By design, the receive function of a poll mode driver (PMD) cannot be invoked in parallel on multiple logical cores, to poll the same RX queue (of the same port). The benefit of this design is that all the functions of the Ethernet Device API exported by a PMD are lock-free functions. This is possible because the receive function will not be invoked in parallel on different logical cores to work on the same target object.
Figure 1. PMD RX parallelization rule: only one core at a time can do RX processing.
In the case of a single RX queue per port, only one core at a time can do RX processing.
When you have multiple RX queues per port, each queue can be polled by only one lcore at a time. Thus, if you have four RX queues per port, you can have four cores simultaneously polling the port if you have configured one core per queue.
No, because that assigns more than one core per RX queue.
We can only answer this question by knowing full configuration details. Even though you have more RX queues than cores, if you have configured two cores for any single RX queue, that is not allowed. The key is not having more than one core per RX queue, irrespective of more queues in total available, compared to the number of cores.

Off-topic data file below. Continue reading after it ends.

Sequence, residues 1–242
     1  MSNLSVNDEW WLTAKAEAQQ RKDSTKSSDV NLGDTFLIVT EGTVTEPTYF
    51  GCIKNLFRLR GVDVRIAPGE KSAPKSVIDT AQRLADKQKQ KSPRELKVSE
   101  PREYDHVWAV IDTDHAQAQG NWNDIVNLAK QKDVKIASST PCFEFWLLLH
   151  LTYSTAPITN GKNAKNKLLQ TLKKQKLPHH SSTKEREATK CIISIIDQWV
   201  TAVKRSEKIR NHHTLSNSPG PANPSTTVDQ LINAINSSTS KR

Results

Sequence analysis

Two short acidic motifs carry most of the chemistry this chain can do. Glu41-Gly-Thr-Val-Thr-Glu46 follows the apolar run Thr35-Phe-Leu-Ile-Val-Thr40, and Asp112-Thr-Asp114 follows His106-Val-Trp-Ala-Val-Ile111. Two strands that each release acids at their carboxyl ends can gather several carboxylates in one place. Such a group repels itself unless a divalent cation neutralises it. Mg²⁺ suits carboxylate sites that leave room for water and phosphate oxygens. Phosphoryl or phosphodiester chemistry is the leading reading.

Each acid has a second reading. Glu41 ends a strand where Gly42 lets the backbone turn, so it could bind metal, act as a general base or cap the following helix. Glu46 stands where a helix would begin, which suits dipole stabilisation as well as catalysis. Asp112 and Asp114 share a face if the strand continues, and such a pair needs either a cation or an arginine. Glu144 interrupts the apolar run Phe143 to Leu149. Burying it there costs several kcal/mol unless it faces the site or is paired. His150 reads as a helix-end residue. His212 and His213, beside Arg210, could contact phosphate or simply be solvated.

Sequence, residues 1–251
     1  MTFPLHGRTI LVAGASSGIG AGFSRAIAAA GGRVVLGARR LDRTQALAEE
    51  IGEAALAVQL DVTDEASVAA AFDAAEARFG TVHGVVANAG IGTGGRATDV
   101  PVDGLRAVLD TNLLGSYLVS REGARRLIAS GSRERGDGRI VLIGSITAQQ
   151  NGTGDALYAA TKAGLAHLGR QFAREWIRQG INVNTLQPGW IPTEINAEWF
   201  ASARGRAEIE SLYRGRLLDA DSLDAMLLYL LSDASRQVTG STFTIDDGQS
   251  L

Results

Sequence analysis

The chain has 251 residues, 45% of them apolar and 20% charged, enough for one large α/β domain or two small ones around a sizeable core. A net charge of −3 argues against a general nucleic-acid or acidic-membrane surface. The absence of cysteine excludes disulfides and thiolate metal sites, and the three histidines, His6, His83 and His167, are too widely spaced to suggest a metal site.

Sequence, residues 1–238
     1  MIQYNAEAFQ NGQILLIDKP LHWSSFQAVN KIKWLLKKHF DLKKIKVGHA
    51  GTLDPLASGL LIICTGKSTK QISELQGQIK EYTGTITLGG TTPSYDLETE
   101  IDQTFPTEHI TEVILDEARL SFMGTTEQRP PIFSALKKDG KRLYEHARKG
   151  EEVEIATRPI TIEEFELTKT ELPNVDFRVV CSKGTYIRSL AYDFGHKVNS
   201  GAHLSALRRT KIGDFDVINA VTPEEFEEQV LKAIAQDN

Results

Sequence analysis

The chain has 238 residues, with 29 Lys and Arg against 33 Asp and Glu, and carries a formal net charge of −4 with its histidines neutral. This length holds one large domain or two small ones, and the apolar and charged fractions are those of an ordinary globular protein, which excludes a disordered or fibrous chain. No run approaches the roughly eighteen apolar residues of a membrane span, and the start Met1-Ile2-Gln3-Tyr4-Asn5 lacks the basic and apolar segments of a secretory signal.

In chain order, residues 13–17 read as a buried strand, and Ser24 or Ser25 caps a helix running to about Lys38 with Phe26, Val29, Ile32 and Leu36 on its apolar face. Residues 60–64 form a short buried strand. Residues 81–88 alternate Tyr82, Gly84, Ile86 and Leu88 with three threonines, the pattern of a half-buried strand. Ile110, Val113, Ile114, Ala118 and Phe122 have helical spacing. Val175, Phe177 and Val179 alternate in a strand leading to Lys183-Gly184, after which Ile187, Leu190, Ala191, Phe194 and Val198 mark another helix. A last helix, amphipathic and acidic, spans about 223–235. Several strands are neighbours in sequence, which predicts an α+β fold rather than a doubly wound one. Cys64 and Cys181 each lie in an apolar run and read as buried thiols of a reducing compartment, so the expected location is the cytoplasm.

Yes. One lcore can poll multiple RX queues. The maximum number of RX queues that one lcore can poll depends on performance requirements and how much headroom should be available for applications after servicing some number of queues. Packet size and packet arrival rates also constrain the cycle budget available on the core.
Note: With the port numbering in the system, one lcore can poll multiple RX queues that need not be necessarily consecutive. This is clear from the figure below. Lcore 0 polls RX queue 0 and Rx queue 2. It does not poll RX queue 1 and RX queue 3.
Figure 2. One lcore polling multiple RX queues.
The one-line answer is—you—the application developer. All the functions of the Ethernet Device API exported by a PMD are lock-free functions, which are not to be invoked in parallel on different logical cores to work on the same target object.
For instance, the receive function of a PMD cannot be invoked in parallel on two logical cores to poll the same RX queue (on the same port). Of course, this function can be invoked in parallel by different logical cores on different RX queues. Please note and be aware that it is the responsibility of the upper-level application to enforce this rule.